...over the past year, revenues have fallen by twenty-five per cent, and Penney lost almost a billion dollars, half a billion of it in the final quarter alone. The company’s stock price, which jumped twenty-four per cent after Johnson announced his plans, has since fallen almost sixty per cent. Twenty-one thousand employees have lost their jobs. “There is nothing good to say about what he’s done,” Mark Cohen, a former C.E.O. of Sears Canada, who is now a professor at Columbia, told me. “Penney had been run into a ditch when he took it over. But, rather than getting it back on the road, he’s essentially set it on fire.”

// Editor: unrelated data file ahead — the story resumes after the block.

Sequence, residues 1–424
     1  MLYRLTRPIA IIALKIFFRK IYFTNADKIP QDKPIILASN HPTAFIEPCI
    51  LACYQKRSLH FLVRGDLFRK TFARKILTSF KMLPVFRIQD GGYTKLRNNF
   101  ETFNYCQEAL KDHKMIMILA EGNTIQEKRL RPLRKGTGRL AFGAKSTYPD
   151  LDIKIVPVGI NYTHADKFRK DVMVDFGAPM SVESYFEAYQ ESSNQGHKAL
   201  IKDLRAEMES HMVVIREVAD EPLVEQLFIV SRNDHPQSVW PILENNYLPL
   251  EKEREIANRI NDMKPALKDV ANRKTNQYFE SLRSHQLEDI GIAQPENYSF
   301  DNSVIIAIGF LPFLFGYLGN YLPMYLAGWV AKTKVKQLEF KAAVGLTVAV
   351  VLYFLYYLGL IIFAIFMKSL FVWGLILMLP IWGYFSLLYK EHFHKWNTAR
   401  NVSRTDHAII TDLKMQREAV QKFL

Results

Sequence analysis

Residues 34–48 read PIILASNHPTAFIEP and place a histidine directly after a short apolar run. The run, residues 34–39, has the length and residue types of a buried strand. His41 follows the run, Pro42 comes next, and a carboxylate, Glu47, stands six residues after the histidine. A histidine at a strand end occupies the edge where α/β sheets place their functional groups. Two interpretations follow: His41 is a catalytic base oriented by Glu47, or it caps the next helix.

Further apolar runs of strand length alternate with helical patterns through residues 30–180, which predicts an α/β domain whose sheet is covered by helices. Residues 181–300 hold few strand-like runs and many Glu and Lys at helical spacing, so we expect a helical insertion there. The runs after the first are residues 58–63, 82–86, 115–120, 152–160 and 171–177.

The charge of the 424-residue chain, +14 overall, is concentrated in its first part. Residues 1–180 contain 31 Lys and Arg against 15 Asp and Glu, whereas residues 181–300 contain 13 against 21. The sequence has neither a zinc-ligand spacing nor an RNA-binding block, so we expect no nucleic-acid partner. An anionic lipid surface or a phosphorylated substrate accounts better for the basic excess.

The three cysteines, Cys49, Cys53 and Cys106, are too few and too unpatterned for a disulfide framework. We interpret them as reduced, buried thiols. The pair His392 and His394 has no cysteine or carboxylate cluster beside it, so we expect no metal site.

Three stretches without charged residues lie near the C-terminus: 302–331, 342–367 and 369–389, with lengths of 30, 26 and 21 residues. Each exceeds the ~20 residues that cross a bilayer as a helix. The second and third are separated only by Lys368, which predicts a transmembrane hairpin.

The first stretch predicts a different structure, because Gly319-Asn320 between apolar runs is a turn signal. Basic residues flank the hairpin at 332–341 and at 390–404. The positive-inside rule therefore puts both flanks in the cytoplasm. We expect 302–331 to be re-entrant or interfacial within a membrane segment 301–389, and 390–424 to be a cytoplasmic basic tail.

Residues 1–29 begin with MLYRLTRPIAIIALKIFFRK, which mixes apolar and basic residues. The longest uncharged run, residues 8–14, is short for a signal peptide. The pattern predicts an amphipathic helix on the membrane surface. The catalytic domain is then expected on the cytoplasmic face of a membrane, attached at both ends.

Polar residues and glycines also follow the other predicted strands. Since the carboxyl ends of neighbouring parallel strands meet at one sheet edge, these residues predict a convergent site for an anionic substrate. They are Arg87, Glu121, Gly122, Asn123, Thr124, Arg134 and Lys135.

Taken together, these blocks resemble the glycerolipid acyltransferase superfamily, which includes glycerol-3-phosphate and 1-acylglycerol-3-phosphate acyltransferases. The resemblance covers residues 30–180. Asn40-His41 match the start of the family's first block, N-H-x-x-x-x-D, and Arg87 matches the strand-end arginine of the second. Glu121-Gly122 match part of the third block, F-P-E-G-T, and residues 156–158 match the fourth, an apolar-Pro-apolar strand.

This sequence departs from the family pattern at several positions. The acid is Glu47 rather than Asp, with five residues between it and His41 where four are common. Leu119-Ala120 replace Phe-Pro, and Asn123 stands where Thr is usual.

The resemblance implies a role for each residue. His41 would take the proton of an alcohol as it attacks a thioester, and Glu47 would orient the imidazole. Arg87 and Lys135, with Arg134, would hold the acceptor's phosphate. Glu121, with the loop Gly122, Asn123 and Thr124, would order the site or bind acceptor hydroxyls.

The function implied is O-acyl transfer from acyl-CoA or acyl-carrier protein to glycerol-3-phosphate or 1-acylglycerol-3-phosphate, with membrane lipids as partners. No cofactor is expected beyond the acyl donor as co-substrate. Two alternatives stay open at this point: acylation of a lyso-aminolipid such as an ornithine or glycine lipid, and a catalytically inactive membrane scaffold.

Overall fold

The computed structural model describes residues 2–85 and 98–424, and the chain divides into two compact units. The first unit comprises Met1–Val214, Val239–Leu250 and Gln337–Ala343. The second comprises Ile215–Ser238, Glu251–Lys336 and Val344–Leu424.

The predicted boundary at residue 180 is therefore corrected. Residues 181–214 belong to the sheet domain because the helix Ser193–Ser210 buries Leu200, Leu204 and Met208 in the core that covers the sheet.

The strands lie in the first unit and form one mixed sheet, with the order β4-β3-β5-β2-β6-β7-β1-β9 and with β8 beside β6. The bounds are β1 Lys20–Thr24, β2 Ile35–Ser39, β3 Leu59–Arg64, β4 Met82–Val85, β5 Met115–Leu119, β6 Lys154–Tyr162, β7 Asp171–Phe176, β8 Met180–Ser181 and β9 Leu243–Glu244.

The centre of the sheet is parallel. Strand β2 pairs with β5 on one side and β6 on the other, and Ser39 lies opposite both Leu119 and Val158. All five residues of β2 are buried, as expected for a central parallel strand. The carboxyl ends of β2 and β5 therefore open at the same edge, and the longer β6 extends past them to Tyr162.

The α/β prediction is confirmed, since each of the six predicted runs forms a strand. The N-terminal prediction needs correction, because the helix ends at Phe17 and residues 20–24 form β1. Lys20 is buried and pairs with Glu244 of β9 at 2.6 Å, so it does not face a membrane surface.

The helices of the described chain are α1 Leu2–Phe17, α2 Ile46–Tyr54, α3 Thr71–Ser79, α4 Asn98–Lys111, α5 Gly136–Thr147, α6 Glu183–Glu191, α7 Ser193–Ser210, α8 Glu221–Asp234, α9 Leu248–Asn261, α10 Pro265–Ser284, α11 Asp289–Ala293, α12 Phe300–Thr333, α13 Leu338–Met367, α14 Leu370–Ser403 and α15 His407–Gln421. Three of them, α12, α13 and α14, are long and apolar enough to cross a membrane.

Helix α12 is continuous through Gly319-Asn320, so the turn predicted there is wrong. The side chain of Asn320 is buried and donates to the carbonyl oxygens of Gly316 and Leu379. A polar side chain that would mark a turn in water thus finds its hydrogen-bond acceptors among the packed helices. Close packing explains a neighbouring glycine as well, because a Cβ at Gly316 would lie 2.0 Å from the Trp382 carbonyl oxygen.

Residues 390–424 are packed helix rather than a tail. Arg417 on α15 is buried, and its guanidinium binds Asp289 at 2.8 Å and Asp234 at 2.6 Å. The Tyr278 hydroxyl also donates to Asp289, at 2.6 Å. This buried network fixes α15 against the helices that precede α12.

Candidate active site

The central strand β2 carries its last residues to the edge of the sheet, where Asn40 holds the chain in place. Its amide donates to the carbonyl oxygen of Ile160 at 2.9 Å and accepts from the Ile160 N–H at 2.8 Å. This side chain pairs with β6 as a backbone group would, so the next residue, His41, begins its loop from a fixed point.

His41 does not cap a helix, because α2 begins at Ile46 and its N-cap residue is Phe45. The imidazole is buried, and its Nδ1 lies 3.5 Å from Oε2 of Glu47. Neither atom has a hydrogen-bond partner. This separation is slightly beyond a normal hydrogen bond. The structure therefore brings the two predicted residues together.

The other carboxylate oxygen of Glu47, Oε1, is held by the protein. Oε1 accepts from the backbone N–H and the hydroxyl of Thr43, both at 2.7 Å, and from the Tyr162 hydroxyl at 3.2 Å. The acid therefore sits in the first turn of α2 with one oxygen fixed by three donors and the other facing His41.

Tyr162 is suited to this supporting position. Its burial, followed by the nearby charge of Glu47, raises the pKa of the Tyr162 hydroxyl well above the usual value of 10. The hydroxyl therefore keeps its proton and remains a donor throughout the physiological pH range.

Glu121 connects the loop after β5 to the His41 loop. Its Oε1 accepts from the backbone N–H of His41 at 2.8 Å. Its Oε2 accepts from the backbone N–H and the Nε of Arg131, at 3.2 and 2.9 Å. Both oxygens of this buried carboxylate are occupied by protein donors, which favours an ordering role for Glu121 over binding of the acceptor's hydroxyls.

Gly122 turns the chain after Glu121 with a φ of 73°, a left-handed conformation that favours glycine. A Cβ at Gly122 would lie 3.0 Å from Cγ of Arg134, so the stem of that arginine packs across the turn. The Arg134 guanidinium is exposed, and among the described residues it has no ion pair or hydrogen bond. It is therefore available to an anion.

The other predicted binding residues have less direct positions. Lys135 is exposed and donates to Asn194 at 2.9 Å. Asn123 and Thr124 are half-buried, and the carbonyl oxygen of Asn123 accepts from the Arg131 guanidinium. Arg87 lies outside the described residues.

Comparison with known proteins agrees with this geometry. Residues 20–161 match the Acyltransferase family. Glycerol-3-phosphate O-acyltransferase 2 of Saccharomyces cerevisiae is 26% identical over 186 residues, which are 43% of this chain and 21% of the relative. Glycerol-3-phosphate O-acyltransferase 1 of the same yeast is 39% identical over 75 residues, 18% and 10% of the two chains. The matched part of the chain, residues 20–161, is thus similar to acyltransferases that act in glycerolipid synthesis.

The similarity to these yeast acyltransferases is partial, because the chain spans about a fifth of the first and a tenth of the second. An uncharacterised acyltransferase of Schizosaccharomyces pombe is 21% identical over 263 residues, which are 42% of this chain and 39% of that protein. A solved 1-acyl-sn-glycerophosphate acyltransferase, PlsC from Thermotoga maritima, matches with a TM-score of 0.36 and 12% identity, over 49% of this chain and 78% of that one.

The idea that anyone can turn-around something as monolithic as an old-school retailer in a year is delusional, at best. On the other hand, we're constantly being told that there's a good reason (which we proles simply don't understand) CEOs are paid so lavishly.
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